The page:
Kepatuhan Syariah Asuransi Deposito

Revolutionary changes are now taking place in the financial system. Deposit insurance is an integral part of the financial fractional — reserve banking system. Under fractional-reserve banking, banks are allowed to act as financial intermediaries between borrowers and savers, and to provide longer-term loans to borrowers while providing immediate liquidity to depositors.

However, a bank can experience a bank run if depositors wish to withdraw more funds than the reserves held by the bank. To mitigate the risk of bank runs and systemic crises when problems are extreme and widespread, governments regulate and oversee commercial banks, provide deposit insurance and act as the lender of last resort to commercial banks.

This structure was put into place twelve years ago through the enactment of the Indonesia Deposit Insurance Act 2004. The rationale of establishing this kind of system was clear: to prevent a recurrence of the catastrophic financial collapse that occurred between 1997 and 1998.

The new system was intended, among other things, to restrain competition, not only among financial industry groups but also within the banking industry itself. It is responsible, in considerable part, for the structure of depository institutions that has evolved and the nature of the supervision and regulation of depository institutions.

Islamic deposit insurance has become more relevant of late due to the development of Islamic finance, which has grown rapidly not only in the Muslim world but also across the Western world.

Today, the Islamic financial landscape has been dramatically transformed into a vibrant, dynamic and competitive global intermediation mechanism. The industry is supported by more than 300 Islamic financial institutions in over 75 countries and its assets are projected to grow to US$4 trillion globally by 2020. There are two levels of sharia compliance issues in the implementation of the deposit insurance system. First, sharia compliance issues within the fractional banking reserve system framework. Second, sharia compliance issues within conventional deposit insurance schemes.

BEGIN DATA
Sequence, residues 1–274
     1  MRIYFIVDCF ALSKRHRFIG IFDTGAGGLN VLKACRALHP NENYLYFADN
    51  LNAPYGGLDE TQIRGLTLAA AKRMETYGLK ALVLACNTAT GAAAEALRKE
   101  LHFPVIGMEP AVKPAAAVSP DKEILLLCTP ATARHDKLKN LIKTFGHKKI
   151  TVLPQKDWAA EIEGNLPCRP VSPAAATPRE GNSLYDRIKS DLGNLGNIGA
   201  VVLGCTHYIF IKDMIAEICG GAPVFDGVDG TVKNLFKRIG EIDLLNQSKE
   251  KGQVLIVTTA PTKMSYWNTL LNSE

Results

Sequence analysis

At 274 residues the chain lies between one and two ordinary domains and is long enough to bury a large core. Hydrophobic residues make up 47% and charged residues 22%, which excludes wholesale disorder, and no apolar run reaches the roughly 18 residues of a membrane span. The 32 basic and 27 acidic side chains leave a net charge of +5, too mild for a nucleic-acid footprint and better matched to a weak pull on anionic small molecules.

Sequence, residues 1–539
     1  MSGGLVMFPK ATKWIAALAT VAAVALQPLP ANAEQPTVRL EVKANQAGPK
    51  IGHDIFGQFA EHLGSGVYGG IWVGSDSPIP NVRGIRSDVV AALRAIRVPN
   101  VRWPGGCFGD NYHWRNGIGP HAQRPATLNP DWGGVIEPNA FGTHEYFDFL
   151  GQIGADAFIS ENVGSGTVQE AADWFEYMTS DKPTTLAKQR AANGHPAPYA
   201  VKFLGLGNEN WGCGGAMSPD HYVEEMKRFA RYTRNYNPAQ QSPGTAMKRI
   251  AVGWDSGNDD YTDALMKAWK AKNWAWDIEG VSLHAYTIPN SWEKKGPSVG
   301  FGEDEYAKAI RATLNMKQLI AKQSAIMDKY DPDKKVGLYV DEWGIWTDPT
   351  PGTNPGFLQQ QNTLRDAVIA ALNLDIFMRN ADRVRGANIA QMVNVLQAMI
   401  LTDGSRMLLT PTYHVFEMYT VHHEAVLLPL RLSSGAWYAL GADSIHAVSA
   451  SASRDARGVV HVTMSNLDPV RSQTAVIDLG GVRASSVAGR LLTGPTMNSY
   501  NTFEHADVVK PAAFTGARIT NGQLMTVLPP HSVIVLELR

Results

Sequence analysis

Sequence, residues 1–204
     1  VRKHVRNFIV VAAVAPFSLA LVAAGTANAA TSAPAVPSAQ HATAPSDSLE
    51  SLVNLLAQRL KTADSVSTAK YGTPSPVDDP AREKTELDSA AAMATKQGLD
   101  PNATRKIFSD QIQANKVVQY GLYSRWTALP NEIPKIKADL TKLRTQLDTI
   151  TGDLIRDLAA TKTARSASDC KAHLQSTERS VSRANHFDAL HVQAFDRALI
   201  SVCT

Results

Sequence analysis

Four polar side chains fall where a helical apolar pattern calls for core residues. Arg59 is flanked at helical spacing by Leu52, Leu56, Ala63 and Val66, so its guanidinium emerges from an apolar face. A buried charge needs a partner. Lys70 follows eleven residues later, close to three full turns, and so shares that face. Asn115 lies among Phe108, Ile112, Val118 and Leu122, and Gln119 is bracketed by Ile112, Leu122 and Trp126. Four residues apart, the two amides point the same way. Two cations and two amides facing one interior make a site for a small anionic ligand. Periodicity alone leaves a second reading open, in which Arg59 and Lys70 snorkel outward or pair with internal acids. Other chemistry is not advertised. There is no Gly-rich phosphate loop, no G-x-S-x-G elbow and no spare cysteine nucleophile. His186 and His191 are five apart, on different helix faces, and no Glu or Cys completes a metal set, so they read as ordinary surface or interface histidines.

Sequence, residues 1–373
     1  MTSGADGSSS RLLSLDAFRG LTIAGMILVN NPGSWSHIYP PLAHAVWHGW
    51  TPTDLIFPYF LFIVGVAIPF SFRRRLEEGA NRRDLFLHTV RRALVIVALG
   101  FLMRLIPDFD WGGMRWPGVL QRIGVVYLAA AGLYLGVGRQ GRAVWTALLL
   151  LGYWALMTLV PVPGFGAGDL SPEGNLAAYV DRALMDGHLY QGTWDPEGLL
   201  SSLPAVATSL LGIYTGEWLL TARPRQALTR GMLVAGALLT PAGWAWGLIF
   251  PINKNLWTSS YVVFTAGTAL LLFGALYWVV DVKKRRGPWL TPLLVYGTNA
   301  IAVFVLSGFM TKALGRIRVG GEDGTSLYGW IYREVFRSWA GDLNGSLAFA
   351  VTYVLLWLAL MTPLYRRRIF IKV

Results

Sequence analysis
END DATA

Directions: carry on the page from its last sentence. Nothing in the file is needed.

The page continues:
Fractional-reserve banking ordinarily functions smoothly. Relatively few depositors demand payments at any given time, and banks maintain a buffer of reserves to cover depositors’ cash withdrawals and other demands for funds. However, during a bank run or a generalized financial crisis, demand for withdrawals can exceed the bank’s funding buffer, and the bank is forced to raise additional reserves to avoid defaulting on its obligations.

Related to the implementation of the fractional banking reserve system in Islamic banking institutions (IBIs), there are issues to do with the reserve structure that is incompatible with sharia principles. Islamic deposits are accepted by IBIs based on sharia principles.

They are offered under various sharia contracts such as safe-keeping (wadiah)and profit-sharing (mudharabah). Deposits are accepted under a safe-keeping contract (wadiah).

Under this mechanism, the deposits are held in trust and utilized by the bank at its own risk. The depositor does not share in the risk or return in any form. Any profit or loss resulting from the investment of these funds accrues entirely to the bank. Another feature of such deposits is the absence of any condition with regard to deposits and withdrawals.